Note: I will start as an assistant professor at the University of Waterloo in August.I research intersectionality in social cognition. Intersectionality describes how systems of oppression such as racism and sexism interlock to uniquely shape people’s experiences of privilege and disadvantage. Although intersectionality’s roots are philosophical and qualitative, it has lots to offer quantitative researchers for refining and expanding our theories in social cognition to be more inclusive of non-WEIRD, non-White experiences. It can also help us rethink foundational assumptions in psychology–for example, how we think about the basic link between stereotyping and discrimination (see this invited talk).My work mixes three quantitative approaches: experimentation, simulation, and big data analysis. I have published papers in various outlets, such as The Proceedings of the National Academy of Sciences, Psychological Science, and Perspectives on Psychological Science. In my spare time, I enjoy singing, playing/watching basketball, and writing music (I have an EP with a friend called Sunfall).
Discrimination is often intersectional. For example, Black men are disproportionately stopped by police to a degree that cannot be explained by simple effects of being Black and being male. These complex patterns of discrimination might seem to necessitate intersectional stereotypes; however, they can sometimes emerge from simple stereotypes combined with threshold models of behavior.
Research on height suggests that being tall is advantageous for men, making them seem more attractive and intelligent. However, this research almost exclusively studied White men. For Black men, being tall increases perceptions of threat as well as the likelihood of being stopped by police. Failure to sample diversely has likely obscured intersectional stereotyping across various domains.
Moral psychology uses tightly controlled scenarios in which identities of characters are often unspecified or vague. Studies using these raceless, genderless strangers highlight the important structural elements of moral acts, but may not generalize to real-world judgments. Future work in moral psychology should draw on intersectional theory to capture the nuance of real-world judgments.
In person perception, femininity and masculinity are often thought of as two ends of a single dimensions. However, femininity and masculinity are actually distinct dimensions that combine (additively and interactively) to predict trait judgments, with high facial androgyny predicting positive outcomes for men. This research broadly shows that semantic opposites are not necessarily psychological opposites.
Hester, N., Xie, S. Y., & Hehman, E. (in press). Little between-region and between-country variance when forming impressions of others. Psychological Science.
Hester, N., Jones, B. C., & Hehman, E. (2020). Perceived femininity and masculinity contribute independently to facial impressions. Journal of Experimental Psychology: General.
Hester, N., Payne, K., Brown-Iannuzzi, J., & Gray, K. (2020). On intersectionality: How complex patterns of discrimination emerge from simple stereotypes. Psychological Science.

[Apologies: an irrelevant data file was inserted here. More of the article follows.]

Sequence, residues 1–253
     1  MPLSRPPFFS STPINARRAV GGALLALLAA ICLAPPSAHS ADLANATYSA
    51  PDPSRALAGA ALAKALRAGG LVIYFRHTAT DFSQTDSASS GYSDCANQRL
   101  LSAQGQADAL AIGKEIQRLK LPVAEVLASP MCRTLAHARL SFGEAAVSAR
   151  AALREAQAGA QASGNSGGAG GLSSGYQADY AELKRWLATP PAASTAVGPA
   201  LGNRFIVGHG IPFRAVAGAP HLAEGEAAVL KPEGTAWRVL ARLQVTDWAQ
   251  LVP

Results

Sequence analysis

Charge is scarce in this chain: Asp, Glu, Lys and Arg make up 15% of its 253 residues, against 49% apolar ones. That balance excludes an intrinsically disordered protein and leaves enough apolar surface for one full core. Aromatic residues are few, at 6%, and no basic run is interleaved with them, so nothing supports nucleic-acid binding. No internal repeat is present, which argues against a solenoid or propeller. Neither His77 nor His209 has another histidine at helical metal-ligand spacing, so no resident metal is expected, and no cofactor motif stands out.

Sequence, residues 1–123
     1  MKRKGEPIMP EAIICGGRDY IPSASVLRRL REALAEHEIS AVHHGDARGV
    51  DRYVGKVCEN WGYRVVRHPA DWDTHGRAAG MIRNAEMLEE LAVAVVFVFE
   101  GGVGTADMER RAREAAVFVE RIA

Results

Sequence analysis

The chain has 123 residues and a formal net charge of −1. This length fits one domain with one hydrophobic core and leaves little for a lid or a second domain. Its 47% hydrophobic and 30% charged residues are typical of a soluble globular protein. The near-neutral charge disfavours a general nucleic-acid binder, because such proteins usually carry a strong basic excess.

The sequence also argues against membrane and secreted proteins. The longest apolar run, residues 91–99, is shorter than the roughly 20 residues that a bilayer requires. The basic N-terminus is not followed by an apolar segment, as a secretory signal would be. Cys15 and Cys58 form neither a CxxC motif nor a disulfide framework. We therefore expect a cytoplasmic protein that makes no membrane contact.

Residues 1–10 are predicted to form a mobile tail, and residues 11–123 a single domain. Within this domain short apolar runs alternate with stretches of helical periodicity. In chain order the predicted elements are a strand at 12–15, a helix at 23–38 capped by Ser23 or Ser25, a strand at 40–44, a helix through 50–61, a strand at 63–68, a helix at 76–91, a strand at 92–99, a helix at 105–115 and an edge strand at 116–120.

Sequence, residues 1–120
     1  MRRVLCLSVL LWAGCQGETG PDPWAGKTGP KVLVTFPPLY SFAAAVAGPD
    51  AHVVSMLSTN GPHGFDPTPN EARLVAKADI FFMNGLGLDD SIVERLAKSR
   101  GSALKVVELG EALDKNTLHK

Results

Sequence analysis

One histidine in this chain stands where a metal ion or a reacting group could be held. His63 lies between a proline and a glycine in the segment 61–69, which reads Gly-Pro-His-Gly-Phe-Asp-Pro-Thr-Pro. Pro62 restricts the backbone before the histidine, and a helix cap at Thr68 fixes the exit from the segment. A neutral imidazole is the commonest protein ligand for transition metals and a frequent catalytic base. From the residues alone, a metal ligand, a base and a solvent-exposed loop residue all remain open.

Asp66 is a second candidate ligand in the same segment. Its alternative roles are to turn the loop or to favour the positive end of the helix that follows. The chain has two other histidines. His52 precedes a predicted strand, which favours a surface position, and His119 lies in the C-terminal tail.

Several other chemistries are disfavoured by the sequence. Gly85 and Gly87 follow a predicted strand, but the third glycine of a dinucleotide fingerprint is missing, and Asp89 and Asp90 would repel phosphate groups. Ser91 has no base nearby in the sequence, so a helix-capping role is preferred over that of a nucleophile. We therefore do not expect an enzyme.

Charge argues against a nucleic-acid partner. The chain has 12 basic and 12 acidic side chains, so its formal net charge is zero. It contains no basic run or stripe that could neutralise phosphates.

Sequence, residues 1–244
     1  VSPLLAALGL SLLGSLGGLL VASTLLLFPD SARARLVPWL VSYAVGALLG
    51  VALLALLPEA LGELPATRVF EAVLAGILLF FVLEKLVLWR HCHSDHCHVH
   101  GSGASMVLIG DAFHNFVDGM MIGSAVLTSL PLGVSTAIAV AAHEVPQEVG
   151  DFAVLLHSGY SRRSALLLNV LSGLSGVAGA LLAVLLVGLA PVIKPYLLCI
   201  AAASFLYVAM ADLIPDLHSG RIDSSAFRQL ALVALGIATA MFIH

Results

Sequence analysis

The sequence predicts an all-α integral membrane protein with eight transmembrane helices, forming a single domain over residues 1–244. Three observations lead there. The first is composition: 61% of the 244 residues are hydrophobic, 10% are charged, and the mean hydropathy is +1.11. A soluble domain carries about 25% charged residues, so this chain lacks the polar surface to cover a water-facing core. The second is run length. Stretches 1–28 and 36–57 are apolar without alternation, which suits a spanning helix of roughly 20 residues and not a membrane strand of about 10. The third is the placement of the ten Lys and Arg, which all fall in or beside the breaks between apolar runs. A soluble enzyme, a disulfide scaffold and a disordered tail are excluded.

Hester, N., & Gray, K. (2020). The moral psychology of raceless, genderless strangers. Perspectives on Psychological Science.
Hester, N., Payne, K., & Gray, K. (2020). Promiscuous condemnation: People assume immorality for ambiguous actions. Journal of Experimental Social Psychology.
Cooley, E.*, Hester, N.*, Cipolli, W., Rivera, L., Abrams, K., Pagan, J., Sommers., S. R., Payne, K. (2020). Racial biases in officers’ decisions to frisk are amplified for Black people stopped among groups leading to similar biases in searches, arrests, and use of force. Society for Psychology and Personality Science.
Hester, N. (2019). Perceived negative emotion in neutral faces: Gender-dependent effects on attractiveness and threat. Emotion.
Hester, N. & Gray, K. (2018). For Black men, being tall increases threat stereotyping and police stops. Proceedings of the National Academy of Sciences.
Buck, B., Hester, N., Pinkham, A., Harvey, P. D., Jarskog, L. F., & Penn, D. L. (2018). The bias toward intentionality in schizophrenia: Automaticity, context, and relationships to symptoms and functioning. Journal of Abnormal Psychology.
Buck, B. & Hester, N. (2018). “Just like someone with mental illness, only more so”: Normalizing beliefs and their buffering effects. Journal of Social and Clinical Psychology.
Jackson, J. J., Hester, N., Gray, K. (2018). The faces of God in America: Revealing religious diversity across people and politics. PLoS ONE.
Gray, K., Anderson, S., Doyle, C. M., Hester, N., Schmitt, P., Vonasch, A., Allison, S., & Jackson, J. J. (2018). To be immortal, do good or evil. Personality and Social Psychology Bulletin.
Larsen, J. T., Hershfield, H. E., Hester, N., & Stastny, B. J. (2017). On the relationship between positive and negative affect: Their correlation and their co-occurrence. Emotion.
Buck, B., Hester, N., Penn, D. L., & Gray, K. (2017). Mind perception in subclinical psychosis: Evidence for differential patterns in perceptions of mind in schizotypy and paranoia. Cognitive Neuropsychiatry.
Schein, C., Hester, N. & Gray, K. (2016). The visual guide to morality: Vision as an integrative analogy for moral experience, variability and mechanism. Social and Personality Psychology Compass.
Member Spotlight — Society for Personality and Social Psychology
In The Spotlight — McGill University
Selected Research Coverage:
The Problem with Being Tall, Male, and Black — The Pacific Standard
It’s good to be tall – unless you’re a black man — Philadelphia Inquirer
US Christians Think God Looks a Lot Like Them — Live Science
Online Teaching Samples